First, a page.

A sew-through button, sometimes called a flat button, has a flat surface containing two or four small holes in its center. These buttons can be sewn on by hand or by sewing machine. These buttons are better suited for thinner or lightweight fabrics because they are flat against the fabric, therefore, there is less room for bulky fabrics.
Though, if desired, it is certainly possible to use on thick and heavy-weight fabrics. If this is your desire, you will need to create a shank for the button so there is space for the extra bulk. This can be done during the sewing process and using thread. This will be explained later in the step-by-step.
How to Hand Sew a Sew Through Button
Step 1: Thread the Needle
Thread the needle as described in step 1 of the shank button tutorial.
You can use matching or contrasting threads depending upon your design choice.
Step 2: Secure the Thread
Secure the thread as described in step 2 of the shank button tutorial.
Step 3: Attach the button
You have two sewing options for flat buttons with 4 holes. Option 1 will create two parallel lines of thread on the button face, while option 2 will create an ‘x’. The visuals below will show how to attach the button for each of these options as well as a flat button with only two holes.
Step 4: Tie Off Thread
Tie off the thread as described in step 4 of the shank button tutorial. If you are sewing the button flat to the fabric without adding a thread shank, this may be easier done on the backside of the material.
How to Add a Thread Shank to a Sew-Through Button
If you are sewing a flat button (without a shank) onto thick fabric, you must add your own shank made by thread. While following steps 1-4 from the previous step-by-step, prevent the button from being sewn tight against the fabric by keeping the tip of your thumb underneath the button.
Then, between steps 3 and 4 wrap the thread multiple times around the base of the button to create a small shank.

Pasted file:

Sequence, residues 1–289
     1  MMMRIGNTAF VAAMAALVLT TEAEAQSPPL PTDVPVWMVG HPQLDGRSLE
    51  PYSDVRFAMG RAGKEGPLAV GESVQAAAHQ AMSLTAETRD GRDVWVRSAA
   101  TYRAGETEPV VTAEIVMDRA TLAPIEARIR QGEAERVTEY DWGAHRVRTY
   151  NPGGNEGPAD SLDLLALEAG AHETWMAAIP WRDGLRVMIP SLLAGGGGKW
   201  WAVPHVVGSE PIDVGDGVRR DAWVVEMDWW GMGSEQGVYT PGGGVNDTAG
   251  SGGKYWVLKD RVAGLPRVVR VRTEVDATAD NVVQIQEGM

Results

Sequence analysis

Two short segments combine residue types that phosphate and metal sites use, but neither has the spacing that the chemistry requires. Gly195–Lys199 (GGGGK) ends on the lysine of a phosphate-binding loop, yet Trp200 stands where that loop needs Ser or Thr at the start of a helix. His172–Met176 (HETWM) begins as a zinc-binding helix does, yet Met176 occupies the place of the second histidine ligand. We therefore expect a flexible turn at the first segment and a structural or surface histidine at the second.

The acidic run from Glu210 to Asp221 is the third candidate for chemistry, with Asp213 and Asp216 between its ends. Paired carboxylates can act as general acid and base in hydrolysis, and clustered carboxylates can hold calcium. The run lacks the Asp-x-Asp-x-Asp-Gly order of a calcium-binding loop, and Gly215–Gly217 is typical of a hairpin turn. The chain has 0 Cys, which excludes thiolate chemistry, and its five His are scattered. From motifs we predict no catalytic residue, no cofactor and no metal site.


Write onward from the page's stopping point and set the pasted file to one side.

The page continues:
Tie off the thread the same way as described previously.
How to Sew a Sew Through Button Using a Sewing Machine
The great thing about sew-through buttons is that they can be sewn using a sewing machine, which can save quite a bit of time, especially on garments with lots of buttons.
Step 1: Lower Feed Dogs
Step 2:Attach the Button Sewing Foot
Step 3: Place Button
With the garment on the sewing plate, place the button under the button foot so that the needle is aligned between the two holes being sewn, ensuring it is properly lined up with its designated spot on the garment. Lower the presser foot so that it is securely holding the button in place.
Step 4: Adjust the Stitch Width
Using a zig-zag stitch, adjust the width so that the needle will perfectly line up with each hole as it moves left and right. Before sewing anything, slowly move the hand wheel to double check the needle and holes on the button are properly lined up with each other. It may take a little trial and error to get the stitch width to its perfect setting.
Step 5: Sew the Button
Once you are positive the stitch width is correct and the needle does not touch the button at all when the hand wheel is turned, sew about 8-10 stitches going slowly and carefully.
Step 6: Secure the Thread Ends
Cut the thread leaving a tail long enough to be tied off. Using a seam ripper or other sharp tip, pull all thread tails to the backside of the fabric and tie off in a knot.
How to Add a Thread Shank When Sewing a Button Using a Sewing Machine
If you are sewing your flat button via machine but need a thread shank, start by placing a pin at the center of the button as a part of Step 3. The button foot should have a small opening at its center to slide the pin into.
After you have completed step 5, remove the pin and pull all the excess thread, including the thread tails, to the back of the button. Wind the thread tails around the thread shank and tie off in a knot.
You have successfully learned all that you need to know to beautifully and efficiently sew buttons! Now that you’ve mastered the buttons take a look at this great tutorial for sewing buttonholes: https://www.peekaboopages.com/how-to-sew-a-buttonhole/
Other patterns and Tutorials
We’d like to thank Danika for this great tutorial on sewing buttons. If you feel inspired to put your knowledge to use, check out these super fun tutorials for some great button-up patterns: